When it comes to the brave new world of business registration, terms such as LLC, sole proprietor, and doing business as (or DBA) pop up a lot. But what do they mean for your operations? Let’s decode together.
An LLC is a separate legal entity that may or may not have a DBA business name. A DBA, however, is not a separate legal entity (unless also registered as one). Instead, this “title” gives the company a right to operate under another name than the one listed on company registration documents.
In this post, we provide a detailed comparison of DBA vs. LLC for you to learn which can best suit your needs.
What is DBA (doing business as)?
Doing business as (DBA), also known by other monikers such as trade name, fictitious business name, assumed business name, is the name you operate under as an LLC, sole proprietor, or another type of business entity.
For example, your name is Joanne Smith. But your business name is “Jo-Jos Baked Goods” — this is how your customers know you. DBA helps you establish a link between your business entity and the name you use to do business.
Benefits of DBA
A DBA is a legal form of claiming your business name for compliance purposes.
State authorities require business owners to inform customers on who is behind the business.
Thus many sole proprietors choose to file a “doing business as” application to indicate this connection.
LLCs can also apply for a DBA in some cases. For example, when they have multiple business or product lines. Cool LLC can trade confectionery under the “Cool Sweets” business name and provide on-demand grocery delivery services under the “Rapid-Cool Delivery” name.
To avoid any legal issues, the owner will want to file a fictitious name application with the state to indicate ownership of these trade names.
Here are some more benefits of using DBA:
- Provides privacy for the business owners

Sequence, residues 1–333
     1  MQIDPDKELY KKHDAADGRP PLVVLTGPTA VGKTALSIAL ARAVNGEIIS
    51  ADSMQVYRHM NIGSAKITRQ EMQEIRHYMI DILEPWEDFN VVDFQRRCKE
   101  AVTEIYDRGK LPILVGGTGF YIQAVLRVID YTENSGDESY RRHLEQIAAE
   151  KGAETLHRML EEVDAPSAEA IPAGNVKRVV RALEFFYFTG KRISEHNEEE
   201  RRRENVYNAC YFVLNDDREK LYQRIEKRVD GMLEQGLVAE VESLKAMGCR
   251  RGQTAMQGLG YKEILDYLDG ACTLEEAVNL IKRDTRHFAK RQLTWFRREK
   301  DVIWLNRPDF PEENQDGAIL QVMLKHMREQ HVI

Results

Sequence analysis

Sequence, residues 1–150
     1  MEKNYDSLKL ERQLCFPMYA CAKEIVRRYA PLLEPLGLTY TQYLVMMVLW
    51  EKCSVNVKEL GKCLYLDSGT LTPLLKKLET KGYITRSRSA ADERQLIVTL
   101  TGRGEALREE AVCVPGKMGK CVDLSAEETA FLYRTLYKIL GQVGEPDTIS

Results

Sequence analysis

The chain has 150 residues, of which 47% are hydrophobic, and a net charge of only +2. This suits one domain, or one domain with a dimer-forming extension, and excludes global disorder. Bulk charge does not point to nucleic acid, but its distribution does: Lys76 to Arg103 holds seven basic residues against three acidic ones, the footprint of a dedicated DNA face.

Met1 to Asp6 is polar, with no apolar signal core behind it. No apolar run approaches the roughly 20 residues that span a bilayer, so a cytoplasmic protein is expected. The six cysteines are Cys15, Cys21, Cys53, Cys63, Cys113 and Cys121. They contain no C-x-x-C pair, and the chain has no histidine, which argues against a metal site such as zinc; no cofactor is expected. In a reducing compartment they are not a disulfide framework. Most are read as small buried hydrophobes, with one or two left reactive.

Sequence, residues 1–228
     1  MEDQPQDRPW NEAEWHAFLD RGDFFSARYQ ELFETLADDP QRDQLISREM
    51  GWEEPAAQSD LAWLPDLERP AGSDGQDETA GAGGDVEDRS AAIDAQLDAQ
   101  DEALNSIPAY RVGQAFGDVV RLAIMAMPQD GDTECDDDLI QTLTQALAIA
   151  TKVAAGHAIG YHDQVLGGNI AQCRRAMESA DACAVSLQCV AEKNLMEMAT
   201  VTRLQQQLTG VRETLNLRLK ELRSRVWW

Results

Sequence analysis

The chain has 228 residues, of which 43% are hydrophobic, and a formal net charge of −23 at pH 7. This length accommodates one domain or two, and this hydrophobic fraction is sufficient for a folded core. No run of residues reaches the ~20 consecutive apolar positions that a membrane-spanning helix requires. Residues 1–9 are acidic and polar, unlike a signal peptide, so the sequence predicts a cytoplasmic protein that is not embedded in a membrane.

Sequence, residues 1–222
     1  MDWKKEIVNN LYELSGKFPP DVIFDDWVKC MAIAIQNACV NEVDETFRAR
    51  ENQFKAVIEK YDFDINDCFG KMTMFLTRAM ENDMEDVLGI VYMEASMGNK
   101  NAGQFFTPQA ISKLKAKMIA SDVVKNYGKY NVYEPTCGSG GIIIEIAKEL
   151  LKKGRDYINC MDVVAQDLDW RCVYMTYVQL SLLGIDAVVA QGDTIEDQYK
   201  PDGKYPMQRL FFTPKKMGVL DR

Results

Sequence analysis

- It prevents others from using a similar name
- Provides a business name with a clear brand image
- It makes it easier to obtain a business bank account
- A simpler alternative to incorporation
What is a limited liability company (LLC)?
A limited liability company (LLC) is a type of business structure you can choose to establish as a business owner to reduce personal liabilities for your work actions.
Formed under state laws, an LLC is a simple form of incorporation, appealing to both solo business owners and multi-owned companies.
When it makes sense to form an LLC
An LLC makes sense to choose as a business entity when you:
- Want to protect personal assets
- Plan to raise more capital
- Have a business partner or several business owners
- Seek personal liability protection for the LLC members
- Want a separate legal entity from the business owners (or LLC members)
- Are seeking a more professional appearance, compared to unregistered business entities
- Plan to grow into a larger business entity
DBA vs. LLC: Key differences explained
The main difference between an LLC and a DBA is that an LLC is a registered business entity, whereas a DBA is merely an application for claiming an operational name. Therefore, respectively, DBA offers no liability protection for your personal assets. In contrast, an LLC separates your corporate and personal liabilities so that a creditor or a plaintiff cannot go after your personal property.
Beyond that, there are other essential differences in terms of:
- Application process and costs
- Trademark protection
We discuss these in-depth in the following sections.
The filing process for forming an LLC depends on the state where an LLC is located. But, generally, business owners will need to file documents with the secretary of state (along with filing fees) and with the IRS.
How to register as an LLC
Requirements for registering an LLC vary based on the state where your LLC is located. So do the costs.
To register an LLC, you’ll need to file the following documents with a local secretary of state:
- Articles of organization (mandatory)
- Operating agreement (optional in most states)
- An LLC’s filing fees
Other steps include: selecting a business name, applying for necessary business permits or licenses, and appointing a registered agent.
Separately, you’ll need to apply for a federal enterprise identification number (EIN) with the IRS.
How to apply for a DBA
Filing a fiction name application (DBA) is much more straightforward:
- Check the business name availability
- Reserve the business name with your state (optional)
- Pay applicable fees to that state to register the selected trade name